Five Big Reasons for the Packers Offensive Inconsistency

NFL: Oakland Raiders at Green Bay Packers
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Most experts projected that the 2019 season would be a year of transition for Aaron Rodgers and the Packers offense. For the first time since he took over as the team’s starter in 2008, Rodgers had to learn a new system with new terminology and a different emphasis than he had under Mike McCarthy.

Here we are 13 games into the season and the Packers are 10-3, but the offense has yet to find the consistency that the team had hoped it would have by the end of the season.

At times, the offense looks very strong, especially when new head coach Matt LaFleur is running his scripted plays to start the game. But there have also been long periods of time when the offense has sputtered and has not been able to move the ball consistently.

Here is a look at five of the biggest reasons for the offense’s inconsistency thus far in 2019:

1. The Offense Has Not Created an Identity

Coach LaFleur’s offense is designed to create mismatches and scheme receivers open. The running game and the passing game are supposed to feed off each other with different play calls being run out of identical formations to keep opposing defenses guessing.

But this season, the Packers have not really created an identity for this offense. Under Vince Lombardi, for example, the Packers would “Run to Daylight” and their signature play was the power sweep. It was the play the offense could always rely on to get tough yards when they needed it, and that opponents couldn’t stop even when they knew it was coming.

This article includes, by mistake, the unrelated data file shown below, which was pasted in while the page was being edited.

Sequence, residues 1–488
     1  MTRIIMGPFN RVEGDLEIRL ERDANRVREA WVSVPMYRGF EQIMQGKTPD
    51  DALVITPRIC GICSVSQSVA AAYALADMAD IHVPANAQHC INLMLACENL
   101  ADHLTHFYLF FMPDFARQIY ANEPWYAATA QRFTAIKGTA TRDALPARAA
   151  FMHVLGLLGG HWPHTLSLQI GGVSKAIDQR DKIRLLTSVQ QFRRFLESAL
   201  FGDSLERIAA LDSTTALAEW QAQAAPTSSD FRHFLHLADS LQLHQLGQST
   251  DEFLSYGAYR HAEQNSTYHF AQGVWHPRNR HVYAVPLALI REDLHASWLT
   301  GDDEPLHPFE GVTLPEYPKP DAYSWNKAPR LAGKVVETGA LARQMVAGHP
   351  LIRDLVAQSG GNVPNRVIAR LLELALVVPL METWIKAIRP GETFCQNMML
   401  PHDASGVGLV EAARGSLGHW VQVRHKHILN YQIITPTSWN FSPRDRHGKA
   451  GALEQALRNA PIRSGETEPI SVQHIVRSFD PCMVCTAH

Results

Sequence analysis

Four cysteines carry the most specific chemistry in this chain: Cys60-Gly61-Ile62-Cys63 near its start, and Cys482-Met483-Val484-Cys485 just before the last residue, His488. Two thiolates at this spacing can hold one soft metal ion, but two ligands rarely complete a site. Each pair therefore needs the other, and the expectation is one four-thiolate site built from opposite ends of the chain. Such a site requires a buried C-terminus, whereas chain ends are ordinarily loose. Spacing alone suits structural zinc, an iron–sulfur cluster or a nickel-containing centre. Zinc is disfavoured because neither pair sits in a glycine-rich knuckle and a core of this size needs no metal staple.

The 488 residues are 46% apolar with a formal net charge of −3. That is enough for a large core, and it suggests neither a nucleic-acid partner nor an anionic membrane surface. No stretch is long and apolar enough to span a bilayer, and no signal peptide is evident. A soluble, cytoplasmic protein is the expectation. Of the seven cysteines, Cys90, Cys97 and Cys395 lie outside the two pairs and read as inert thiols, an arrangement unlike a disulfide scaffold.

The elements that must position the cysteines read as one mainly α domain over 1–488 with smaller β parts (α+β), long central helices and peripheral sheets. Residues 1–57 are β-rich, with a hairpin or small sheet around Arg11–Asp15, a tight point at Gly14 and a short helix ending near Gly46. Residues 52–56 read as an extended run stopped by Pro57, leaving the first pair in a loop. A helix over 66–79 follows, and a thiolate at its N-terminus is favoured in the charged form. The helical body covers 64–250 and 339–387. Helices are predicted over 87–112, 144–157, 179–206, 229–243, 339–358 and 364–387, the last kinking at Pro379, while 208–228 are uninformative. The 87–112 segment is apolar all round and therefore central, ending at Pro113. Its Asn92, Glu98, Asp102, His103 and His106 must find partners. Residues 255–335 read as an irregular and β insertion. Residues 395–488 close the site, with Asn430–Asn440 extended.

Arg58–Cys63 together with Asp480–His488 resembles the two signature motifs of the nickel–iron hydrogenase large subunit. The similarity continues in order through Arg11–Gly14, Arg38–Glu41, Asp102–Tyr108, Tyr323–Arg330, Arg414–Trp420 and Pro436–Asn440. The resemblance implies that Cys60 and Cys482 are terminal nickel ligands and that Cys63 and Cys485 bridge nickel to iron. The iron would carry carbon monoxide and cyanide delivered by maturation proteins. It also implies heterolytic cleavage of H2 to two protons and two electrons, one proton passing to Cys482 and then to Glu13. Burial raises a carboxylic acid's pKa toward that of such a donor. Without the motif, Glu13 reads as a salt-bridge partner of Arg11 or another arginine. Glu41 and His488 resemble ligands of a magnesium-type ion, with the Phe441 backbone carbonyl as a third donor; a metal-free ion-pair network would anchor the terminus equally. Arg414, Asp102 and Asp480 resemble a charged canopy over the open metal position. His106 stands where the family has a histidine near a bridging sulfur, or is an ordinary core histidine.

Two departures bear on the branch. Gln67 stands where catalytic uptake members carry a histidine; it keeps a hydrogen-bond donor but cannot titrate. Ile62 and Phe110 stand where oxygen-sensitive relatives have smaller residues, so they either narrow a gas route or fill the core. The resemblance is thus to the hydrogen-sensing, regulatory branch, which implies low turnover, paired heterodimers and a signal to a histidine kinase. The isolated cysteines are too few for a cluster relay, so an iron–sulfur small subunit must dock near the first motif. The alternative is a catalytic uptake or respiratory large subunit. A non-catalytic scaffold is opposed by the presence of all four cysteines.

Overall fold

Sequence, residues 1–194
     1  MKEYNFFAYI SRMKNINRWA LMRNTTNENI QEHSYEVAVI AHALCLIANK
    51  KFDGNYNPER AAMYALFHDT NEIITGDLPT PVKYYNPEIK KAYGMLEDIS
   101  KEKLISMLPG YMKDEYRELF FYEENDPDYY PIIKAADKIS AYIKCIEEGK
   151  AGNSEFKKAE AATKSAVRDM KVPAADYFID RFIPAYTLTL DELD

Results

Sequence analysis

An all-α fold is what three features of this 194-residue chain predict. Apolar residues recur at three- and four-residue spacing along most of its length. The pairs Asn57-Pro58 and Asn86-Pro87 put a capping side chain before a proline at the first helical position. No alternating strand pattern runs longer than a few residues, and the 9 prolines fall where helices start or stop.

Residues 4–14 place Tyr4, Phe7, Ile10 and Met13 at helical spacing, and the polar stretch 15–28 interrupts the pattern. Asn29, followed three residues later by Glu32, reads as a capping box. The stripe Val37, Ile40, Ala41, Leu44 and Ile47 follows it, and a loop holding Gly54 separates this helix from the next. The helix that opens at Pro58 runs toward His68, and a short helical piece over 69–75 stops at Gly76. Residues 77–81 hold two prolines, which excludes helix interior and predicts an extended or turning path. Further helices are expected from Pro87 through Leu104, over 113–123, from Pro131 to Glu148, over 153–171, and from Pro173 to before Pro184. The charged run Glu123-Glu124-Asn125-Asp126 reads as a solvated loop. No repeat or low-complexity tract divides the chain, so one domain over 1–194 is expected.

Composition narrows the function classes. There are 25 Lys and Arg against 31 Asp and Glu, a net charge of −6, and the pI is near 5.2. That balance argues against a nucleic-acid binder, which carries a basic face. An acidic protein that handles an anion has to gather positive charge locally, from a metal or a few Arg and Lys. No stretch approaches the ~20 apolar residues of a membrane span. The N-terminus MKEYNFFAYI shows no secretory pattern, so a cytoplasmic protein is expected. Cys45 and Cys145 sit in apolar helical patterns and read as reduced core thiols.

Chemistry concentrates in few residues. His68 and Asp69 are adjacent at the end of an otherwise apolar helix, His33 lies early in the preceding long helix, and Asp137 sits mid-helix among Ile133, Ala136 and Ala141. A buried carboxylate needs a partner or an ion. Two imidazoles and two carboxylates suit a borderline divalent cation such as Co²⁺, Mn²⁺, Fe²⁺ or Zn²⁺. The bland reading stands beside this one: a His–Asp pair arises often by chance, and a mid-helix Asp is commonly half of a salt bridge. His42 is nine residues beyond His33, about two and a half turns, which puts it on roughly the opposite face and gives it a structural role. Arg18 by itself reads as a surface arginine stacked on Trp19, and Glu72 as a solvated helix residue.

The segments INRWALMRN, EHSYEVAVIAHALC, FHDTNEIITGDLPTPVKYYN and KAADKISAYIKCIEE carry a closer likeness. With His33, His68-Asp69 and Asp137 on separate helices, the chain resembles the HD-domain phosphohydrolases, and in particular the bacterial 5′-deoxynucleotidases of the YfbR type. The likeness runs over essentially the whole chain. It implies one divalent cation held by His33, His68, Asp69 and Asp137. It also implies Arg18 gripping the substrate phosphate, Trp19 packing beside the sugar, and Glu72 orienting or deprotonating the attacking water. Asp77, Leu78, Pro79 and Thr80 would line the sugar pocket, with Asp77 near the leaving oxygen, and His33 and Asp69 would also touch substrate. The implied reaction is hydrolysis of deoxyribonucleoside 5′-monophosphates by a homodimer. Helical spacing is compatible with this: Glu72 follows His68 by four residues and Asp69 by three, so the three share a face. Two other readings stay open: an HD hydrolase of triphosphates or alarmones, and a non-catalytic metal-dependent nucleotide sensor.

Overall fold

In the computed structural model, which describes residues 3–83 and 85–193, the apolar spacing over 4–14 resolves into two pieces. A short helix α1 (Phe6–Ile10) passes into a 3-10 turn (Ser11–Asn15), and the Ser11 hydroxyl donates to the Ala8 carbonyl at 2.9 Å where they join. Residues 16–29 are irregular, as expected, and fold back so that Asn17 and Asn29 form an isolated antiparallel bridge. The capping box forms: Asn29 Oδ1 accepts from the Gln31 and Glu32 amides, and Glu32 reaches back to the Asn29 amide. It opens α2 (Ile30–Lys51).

In the early 2000s under Mike Sherman, the Packers were one of the best screen passing teams in the NFL. Brett Favre could count of short passes to Ahman Green or Tony Fisher to pick up key first downs.

This year, however, the offense doesn’t really have a defined personality or signature play. At times, the Packers remain Aaron Rodgers’ team. The veteran quarterback extends plays and hopes to get a big gain downfield by holding on to the ball and waiting for players to get open.

In other games, Aaron Jones has been the focal point of the offense whether it be carrying the football or catching it out of the backfield.

The Packers have not yet developed a personality offensively and while this can keep defenses guessing, it also prevents the team from defining who they are and gaining confidence from that identity.

Eventually, the Packers will have to figure out their best plays and how and when to use them to keep the chains moving consistently.

2. The Packers Receivers Aren’t Getting Open Consistently

Green Bay has not gotten consistent production from their wide receivers not named Davante Adams this season.

Despite missing four games and part of another, Adams has nearly double the total receptions (56) of the next highest Packers wideout, Geronimo Allison (29).

After Allison comes Allen Lazard (24), Marquez Valdes-Scantling (23) and Jake Kumerow (10), but none of them have been consistently reliable and they get open only periodically.

On numerous plays, Rodgers goes back to pass but cannot find an open receiver. It also appears that he doesn’t trust his receivers to be in the right place when plays break down.